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Winch Bridge, Durham, in Hutchinsons Tour

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View of the Winch Bridge across a rocky gorge above the River Tees in County Durham. William Hutchinson, antiquarian of Durham, wrote on the antiquaries or County Durham in 1785-1794. He commented "About two miles above Middleton, where the river falls in repeated cascades, a bridge, suspended on iron chains, is stretched from rock to rock, over a chasm near 60 feet deep, for the passage of travellers, but particularly for miners; the bridge is 70 feet in length, and little more than two feet broad, with a handrail on one side, and planked in such a manner that the traveller experiences all the tremulous motion of the chain, and sees himself suspended over a roaring gulph, on an agitated, restless gangway, to which few strangers dare trust themselves." The earliest suspension bridge was built here in 1704. This was a later bridge although it is not known who built it. In 1802 a man fell to his death from the bridge. It was replaced altogether in 1830.
The British Library
Title: Winch Bridge, Durham, in Hutchinsons Tour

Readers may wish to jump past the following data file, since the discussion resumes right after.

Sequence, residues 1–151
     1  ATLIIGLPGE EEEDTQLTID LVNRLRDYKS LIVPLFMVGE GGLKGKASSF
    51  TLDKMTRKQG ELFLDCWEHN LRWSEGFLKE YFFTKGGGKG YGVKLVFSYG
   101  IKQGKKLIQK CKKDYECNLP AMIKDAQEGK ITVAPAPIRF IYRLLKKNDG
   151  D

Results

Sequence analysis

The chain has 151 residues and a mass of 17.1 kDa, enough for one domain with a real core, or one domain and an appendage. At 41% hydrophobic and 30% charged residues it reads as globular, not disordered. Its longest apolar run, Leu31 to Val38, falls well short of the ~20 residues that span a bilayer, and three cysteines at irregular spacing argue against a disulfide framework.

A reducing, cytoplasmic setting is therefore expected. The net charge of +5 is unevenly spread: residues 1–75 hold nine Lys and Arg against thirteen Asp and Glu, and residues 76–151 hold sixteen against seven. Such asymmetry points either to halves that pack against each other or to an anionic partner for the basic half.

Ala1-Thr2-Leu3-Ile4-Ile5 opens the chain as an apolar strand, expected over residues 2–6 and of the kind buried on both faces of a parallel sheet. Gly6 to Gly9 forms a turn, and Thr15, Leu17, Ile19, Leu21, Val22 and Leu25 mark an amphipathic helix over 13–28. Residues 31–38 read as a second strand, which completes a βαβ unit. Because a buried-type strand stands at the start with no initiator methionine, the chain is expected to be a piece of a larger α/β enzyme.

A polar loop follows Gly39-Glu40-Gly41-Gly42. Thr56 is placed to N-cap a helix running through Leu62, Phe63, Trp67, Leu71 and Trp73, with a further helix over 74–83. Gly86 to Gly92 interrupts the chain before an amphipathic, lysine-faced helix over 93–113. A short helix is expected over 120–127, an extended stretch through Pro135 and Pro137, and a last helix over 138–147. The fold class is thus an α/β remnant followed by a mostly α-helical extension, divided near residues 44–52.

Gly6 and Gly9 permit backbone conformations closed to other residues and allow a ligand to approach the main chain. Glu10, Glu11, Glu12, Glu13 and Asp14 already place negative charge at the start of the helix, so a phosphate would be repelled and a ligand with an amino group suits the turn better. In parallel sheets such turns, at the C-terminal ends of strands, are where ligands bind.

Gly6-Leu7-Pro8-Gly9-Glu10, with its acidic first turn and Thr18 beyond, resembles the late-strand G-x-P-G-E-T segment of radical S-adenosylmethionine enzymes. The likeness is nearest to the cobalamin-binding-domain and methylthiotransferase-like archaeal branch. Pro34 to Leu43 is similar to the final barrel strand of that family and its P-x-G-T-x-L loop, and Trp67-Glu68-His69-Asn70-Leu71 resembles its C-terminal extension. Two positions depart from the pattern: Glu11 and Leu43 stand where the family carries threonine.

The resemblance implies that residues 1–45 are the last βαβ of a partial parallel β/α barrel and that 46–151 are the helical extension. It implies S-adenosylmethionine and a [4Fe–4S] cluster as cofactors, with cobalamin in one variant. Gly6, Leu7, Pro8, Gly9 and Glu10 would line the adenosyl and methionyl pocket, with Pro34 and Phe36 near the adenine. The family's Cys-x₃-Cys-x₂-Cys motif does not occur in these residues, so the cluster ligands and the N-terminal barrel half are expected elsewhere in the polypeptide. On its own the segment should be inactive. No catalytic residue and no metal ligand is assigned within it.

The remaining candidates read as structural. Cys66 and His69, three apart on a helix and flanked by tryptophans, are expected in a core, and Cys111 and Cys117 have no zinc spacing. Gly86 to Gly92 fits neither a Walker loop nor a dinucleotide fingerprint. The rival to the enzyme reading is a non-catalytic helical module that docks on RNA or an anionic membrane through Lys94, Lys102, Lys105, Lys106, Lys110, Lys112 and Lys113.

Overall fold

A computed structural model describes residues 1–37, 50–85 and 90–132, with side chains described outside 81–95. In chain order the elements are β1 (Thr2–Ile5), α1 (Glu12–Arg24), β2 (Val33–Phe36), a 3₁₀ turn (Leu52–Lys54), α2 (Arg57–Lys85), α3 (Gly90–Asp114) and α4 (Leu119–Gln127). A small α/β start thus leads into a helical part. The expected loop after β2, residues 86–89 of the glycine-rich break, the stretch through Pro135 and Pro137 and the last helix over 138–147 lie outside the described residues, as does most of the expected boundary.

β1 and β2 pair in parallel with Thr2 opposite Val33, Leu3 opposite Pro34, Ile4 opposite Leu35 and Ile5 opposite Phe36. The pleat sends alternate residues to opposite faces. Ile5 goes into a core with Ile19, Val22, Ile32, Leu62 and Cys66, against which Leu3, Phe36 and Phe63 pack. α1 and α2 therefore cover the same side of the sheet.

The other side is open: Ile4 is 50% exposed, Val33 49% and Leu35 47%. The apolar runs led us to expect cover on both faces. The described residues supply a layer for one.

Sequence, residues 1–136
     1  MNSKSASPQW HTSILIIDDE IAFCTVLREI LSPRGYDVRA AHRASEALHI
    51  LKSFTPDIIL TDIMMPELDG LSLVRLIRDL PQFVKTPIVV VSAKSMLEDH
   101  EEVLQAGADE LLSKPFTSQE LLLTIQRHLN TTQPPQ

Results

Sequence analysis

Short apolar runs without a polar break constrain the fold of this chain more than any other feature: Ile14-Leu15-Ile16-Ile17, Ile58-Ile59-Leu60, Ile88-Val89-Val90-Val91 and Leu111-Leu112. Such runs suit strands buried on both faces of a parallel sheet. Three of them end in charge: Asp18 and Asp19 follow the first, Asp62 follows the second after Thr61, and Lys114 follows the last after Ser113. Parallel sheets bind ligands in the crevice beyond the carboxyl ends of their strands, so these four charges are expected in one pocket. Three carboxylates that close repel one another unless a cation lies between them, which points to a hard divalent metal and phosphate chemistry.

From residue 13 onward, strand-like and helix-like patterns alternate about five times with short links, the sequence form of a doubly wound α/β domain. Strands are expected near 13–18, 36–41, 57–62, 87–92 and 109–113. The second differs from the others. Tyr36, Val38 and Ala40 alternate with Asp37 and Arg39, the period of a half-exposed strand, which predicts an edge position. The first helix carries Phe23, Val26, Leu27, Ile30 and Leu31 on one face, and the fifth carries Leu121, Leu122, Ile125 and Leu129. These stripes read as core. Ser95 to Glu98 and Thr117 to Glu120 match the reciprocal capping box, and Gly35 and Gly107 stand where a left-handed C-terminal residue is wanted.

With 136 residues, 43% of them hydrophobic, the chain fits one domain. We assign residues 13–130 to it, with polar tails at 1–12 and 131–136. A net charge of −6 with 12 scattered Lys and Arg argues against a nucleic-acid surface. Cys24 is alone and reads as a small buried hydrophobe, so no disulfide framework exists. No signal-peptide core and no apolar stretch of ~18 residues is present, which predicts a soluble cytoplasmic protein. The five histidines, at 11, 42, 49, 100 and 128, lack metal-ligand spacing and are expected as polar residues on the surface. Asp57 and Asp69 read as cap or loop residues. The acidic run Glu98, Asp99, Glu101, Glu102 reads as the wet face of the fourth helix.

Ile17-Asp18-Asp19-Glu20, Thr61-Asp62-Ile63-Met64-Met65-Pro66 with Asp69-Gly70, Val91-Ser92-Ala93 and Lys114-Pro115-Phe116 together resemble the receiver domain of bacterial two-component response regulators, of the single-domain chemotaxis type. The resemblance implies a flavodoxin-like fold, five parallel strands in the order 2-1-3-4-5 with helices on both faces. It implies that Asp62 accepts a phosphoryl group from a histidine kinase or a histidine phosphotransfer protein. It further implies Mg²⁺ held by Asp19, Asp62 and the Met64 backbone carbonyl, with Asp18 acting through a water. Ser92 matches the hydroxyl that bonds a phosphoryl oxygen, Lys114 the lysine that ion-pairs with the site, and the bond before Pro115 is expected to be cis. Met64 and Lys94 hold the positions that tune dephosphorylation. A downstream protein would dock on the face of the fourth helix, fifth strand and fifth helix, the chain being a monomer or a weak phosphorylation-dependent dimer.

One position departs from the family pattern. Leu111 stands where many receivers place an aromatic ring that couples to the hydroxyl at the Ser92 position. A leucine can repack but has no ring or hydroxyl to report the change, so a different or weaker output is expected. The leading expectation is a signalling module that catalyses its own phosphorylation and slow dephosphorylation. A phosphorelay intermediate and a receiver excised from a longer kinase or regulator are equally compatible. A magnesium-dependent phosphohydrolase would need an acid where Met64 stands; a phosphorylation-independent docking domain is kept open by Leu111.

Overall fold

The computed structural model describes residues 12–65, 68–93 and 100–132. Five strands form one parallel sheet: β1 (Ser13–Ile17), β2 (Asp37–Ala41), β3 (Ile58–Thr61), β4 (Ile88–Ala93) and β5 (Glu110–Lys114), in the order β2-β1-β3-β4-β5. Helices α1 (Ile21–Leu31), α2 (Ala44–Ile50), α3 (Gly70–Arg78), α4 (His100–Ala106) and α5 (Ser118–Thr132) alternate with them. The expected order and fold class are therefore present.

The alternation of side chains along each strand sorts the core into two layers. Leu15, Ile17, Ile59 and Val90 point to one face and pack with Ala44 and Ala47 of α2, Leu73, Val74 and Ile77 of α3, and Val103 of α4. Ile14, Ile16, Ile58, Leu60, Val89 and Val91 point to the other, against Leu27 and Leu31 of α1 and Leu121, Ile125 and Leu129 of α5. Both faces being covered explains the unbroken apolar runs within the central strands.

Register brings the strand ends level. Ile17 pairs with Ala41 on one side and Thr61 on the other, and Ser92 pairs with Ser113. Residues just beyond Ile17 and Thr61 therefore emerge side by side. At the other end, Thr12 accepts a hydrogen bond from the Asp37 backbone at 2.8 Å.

Description:
View of the Winch Bridge across a rocky gorge above the River Tees in County Durham.
William Hutchinson, antiquarian of Durham, wrote on the antiquaries or County Durham in 1785-1794.
He commented "About two miles above Middleton, where the river falls in repeated cascades, a bridge, suspended on iron chains, is stretched from rock to rock, over a chasm near 60 feet deep, for the passage of travellers, but particularly for miners; the bridge is 70 feet in length, and little more than two feet broad, with a handrail on one side, and planked in such a manner that the traveller experiences all the tremulous motion of the chain, and sees himself suspended over a roaring gulph, on an agitated, restless gangway, to which few strangers dare trust themselves.
" The earliest suspension bridge was built here in 1704.
This was a later bridge although it is not known who built it.
In 1802 a man fell to his death from the bridge.
It was replaced altogether in 1830.

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